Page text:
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2,800 Acres Could be Sold to Industry Despite Lack of Safeguards; Climate, Clean Air at Risk
Santa Fe, NM—WildEarth Guardians joined a coalition of organizations late yesterday in calling on the U.S. Bureau of Land Management to cancel a proposed oil and gas lease sale that would auction off 2,800 acres for fracking the Mancos shale in the San Juan Basin of northwestern New Mexico.
“Fracking is quickly overtaking the San Juan Basin’s clean air and cultural values, and worse, it’s fueling global warming,” said Jeremy Nichols, WildEarth Guardians’ Climate and Energy Program Director. “It’s time for the Bureau of Land Management to put the brakes on more fracking and start to focus on protecting our public lands, not hand them over to industry.”
The Bureau of Land Management’s proposal comes even as the agency has publicly admitted that it has not yet analyzed the environmental impacts of Mancos shale fracking in the San Juan Basin or adopted effective safeguards to protect the region’s air, water, and wildlife.
In comments submitted late yesterday, WildEarth Guardians joined a coalition of groups, including the Western Environmental Law Center and San Juan Citizens Alliance, called out the Bureau of Land Management for putting the oil and gas industry before public lands, clean air, and the climate.
The San Juan Basin, a six million acre region in northwestern New Mexico and southwestern Colorado, has experienced heavy oil and gas drilling for many years, effectively turning much of the public lands in the region into industrial zones. In spite of this, many areas still remain undeveloped, sustaining potential wilderness areas, deer and other wildlife, and cultural gems like Chaco Canyon.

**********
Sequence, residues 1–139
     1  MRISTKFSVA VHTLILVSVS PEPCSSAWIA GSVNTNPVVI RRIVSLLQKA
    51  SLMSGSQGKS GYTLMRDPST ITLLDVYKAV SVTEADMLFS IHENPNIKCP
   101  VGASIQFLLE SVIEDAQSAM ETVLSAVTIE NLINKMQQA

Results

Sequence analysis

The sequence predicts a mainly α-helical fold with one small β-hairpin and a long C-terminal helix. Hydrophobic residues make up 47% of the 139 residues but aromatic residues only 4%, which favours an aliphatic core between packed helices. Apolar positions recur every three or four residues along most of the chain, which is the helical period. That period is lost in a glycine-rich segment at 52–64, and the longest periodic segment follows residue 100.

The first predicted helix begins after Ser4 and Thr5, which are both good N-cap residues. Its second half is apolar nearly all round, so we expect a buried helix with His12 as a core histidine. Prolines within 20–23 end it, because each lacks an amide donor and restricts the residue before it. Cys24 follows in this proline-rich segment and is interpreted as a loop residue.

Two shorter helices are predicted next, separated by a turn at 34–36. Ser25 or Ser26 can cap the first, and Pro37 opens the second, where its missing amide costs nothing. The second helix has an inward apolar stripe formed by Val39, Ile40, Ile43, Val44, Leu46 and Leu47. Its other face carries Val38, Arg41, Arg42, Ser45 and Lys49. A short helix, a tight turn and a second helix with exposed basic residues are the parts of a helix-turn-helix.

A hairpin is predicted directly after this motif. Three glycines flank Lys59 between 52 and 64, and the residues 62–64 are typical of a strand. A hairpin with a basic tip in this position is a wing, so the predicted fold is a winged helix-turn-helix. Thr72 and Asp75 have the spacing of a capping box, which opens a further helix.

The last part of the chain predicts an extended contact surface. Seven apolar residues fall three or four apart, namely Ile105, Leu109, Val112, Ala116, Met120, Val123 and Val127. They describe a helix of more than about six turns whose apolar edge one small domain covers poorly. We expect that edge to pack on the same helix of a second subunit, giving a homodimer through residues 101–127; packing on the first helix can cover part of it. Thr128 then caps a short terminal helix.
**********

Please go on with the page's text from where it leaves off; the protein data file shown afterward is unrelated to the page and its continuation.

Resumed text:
With the onset of horizontal drilling and advanced fracking technologies, however, previously undeveloped areas are being targeted by industry, particularly in the southern end of the Basin in northwestern Sandoval County and southwestern Rio Arriba County. This heavy impact drilling and fracking is targeting oil in the Mancos shale and not only bringing unprecedented industrial activity to the region, but producing impacts that were never before contemplated.
In a February notice, the Bureau of Land Management stated that its current management plan for the Farmington Field Office was inadequate because it failed to protect public lands in the region from the environmental impacts of Mancos shale fracking.
In spite of this, the agency is continuing to approve Mancos shale fracking proposals, including new oil and gas leasing. The latest proposal would auction off five parcels totaling 2,800 acres. In an environmental assessment prepared in late August, the Bureau of Land Management disclosed the leases were meant to facilitate Mancos shale drilling.
“This is ‘leaping before looking’ at its worst,” said Nichols. “With the Bureau of Land Management itself conceding that our public lands lack adequate protection from fracking, more oil and gas leasing is the last thing they should be approving.”
The proposed leasing comes as more than 100 Mancos shale wells have been drilled in the area, already, many with Bureau of Land Management approval. According to the agency, 118 new wells stand to be drilled on the five lease parcels.
To view a map of the proposed lease parcels and existing wells in the area, click here >>
The Bureau of Land Management has indicated it will respond to Guardians’ comments by October 22.